Now, I am sure most of you know about as much about marathons as the majority of the population knows about dressage. You may not know it involves running for 42.2 kilometres (that is 26 miles if it helps). Contrary to what you may remember from pop culture, it does not necessarily involve having your cavities probed by an insane dentist as a form of torture, however around 35km I was so fricking bored of running that I think the pain associated with dental work, or maybe some light waterboarding, would have been a welcome distraction. 

You may also not know that the world record for running a marathon is 2:03. The winner of the marathon I was in finished in 2:08. And, as you can see, I ran it in 5:04.  Wow, am I slow. I really, really suck at running for long periods, at a fast pace. 

This winner guy could have left the race, driven to the airport, cleared customs and been on his way back to Kenya before I even finished. 

Because as you likely do know, there are some countries that excel in creating great marathon runners, and some people have a genetic predisposition to being freakishly better runners than I do. Just as with horses and riders and dressage - that is just the way it is.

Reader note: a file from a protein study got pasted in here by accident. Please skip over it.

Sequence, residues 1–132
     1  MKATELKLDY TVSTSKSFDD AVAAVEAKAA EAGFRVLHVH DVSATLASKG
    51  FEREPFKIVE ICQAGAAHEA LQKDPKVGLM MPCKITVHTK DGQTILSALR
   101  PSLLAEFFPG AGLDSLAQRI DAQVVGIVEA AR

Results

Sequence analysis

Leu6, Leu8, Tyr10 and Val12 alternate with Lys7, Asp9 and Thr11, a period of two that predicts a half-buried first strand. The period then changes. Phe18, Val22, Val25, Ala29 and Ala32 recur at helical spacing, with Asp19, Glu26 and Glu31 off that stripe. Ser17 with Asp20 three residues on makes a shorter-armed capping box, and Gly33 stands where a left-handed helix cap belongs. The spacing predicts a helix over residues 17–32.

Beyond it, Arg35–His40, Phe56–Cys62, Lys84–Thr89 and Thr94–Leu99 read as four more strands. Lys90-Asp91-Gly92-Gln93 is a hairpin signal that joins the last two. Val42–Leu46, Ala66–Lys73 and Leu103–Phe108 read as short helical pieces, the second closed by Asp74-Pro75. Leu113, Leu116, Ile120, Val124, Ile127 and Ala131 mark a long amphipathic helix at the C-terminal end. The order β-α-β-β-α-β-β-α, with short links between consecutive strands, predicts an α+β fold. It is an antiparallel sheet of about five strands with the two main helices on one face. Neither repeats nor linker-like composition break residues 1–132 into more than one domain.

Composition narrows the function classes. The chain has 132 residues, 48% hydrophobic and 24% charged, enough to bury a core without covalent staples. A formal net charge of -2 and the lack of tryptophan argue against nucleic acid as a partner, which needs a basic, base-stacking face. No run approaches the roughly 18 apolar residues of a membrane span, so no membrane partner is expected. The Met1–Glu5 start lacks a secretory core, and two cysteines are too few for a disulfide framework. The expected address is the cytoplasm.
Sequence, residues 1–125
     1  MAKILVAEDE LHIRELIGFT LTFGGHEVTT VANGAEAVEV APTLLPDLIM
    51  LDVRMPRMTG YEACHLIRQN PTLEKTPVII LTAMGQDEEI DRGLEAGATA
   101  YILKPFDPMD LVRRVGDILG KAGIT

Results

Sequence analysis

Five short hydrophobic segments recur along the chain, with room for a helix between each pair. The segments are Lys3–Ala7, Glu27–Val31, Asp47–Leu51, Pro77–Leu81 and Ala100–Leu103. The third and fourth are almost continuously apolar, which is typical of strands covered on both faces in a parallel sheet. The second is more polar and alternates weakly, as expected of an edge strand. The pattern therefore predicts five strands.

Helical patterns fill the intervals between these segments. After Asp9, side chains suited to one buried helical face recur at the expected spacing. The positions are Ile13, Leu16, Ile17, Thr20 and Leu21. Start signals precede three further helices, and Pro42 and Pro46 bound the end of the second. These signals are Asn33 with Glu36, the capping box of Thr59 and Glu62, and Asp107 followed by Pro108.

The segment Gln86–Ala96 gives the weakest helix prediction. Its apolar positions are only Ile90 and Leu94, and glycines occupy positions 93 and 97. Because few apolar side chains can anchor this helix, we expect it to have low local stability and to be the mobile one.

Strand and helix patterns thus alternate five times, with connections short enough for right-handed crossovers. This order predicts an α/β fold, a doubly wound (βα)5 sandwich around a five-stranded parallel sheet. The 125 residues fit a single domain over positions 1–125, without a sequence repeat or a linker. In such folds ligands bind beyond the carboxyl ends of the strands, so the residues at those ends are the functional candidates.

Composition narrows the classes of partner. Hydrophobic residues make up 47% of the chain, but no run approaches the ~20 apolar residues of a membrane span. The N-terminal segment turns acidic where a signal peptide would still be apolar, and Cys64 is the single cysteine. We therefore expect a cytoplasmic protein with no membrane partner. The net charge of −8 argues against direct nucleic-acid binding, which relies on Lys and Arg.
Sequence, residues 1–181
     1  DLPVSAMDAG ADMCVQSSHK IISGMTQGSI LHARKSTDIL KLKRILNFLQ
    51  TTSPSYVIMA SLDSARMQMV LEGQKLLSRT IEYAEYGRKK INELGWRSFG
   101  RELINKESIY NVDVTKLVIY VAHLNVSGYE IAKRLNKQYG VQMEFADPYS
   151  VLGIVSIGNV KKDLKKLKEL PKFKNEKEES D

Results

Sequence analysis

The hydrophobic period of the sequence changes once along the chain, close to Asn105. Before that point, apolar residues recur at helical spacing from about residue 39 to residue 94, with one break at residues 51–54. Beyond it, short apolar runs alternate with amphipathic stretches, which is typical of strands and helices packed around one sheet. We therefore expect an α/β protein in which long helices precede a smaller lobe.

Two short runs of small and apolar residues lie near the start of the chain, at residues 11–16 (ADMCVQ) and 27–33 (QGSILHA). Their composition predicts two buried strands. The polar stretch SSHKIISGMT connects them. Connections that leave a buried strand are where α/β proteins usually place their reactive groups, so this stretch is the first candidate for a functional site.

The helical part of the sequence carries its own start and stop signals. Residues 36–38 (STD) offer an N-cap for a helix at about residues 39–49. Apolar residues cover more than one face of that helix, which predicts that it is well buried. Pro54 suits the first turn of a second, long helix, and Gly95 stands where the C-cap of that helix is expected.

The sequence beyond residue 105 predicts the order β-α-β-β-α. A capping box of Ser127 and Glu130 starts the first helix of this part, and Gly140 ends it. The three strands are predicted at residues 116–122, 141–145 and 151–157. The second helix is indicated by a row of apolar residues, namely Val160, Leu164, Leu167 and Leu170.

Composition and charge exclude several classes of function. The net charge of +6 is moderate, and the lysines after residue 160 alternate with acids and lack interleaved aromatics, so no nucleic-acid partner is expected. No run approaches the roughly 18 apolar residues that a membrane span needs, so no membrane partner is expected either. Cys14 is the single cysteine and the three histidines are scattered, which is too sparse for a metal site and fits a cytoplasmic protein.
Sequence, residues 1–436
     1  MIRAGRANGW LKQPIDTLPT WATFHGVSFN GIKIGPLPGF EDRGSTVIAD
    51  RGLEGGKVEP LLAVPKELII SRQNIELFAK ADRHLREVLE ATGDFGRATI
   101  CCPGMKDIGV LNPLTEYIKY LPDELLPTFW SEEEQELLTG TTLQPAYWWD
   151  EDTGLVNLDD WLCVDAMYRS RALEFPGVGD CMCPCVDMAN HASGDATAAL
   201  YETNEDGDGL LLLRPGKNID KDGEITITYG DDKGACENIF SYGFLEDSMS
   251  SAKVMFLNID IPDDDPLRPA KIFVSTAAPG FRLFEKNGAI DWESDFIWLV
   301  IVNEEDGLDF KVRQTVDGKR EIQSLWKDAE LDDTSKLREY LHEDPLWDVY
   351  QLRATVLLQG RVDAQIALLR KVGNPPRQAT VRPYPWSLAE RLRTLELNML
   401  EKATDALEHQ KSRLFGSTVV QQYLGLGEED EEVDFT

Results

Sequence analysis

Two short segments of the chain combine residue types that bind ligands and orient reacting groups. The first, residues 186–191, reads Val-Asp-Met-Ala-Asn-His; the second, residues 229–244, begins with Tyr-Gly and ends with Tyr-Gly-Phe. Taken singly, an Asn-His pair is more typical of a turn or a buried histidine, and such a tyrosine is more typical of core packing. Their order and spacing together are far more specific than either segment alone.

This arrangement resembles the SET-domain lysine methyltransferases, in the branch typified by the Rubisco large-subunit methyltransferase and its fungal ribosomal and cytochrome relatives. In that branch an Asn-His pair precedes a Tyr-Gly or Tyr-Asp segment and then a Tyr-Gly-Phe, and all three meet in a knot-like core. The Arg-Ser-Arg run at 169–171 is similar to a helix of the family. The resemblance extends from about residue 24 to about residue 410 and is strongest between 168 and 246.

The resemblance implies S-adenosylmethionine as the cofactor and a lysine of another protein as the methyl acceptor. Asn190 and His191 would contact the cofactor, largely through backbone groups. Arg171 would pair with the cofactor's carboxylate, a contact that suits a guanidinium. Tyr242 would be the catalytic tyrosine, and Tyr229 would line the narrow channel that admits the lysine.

If you decide to become a competitive marathon running person, hold onto your hat and get ready to have your ass kicked by people who are just naturally good at it, and then dedicate their entire lives to becoming the best at it that they can possibly be. 

But the funny thing about running, and really the majority of other sports that are not dominated by catty middle aged women...somehow when these running type people do this.. we don't begrudge them for being insanely fast athletes, or suggest to them that they are taking the easy way out. Or bitch that If they REALLY wanted to experience a marathon, they should try being short chunky legged 44 year old Canadian broads who only started running a few years ago, and take 5 mind-numbingly dull hours to slog though a marathon. Yah, that is REAL running, assholes.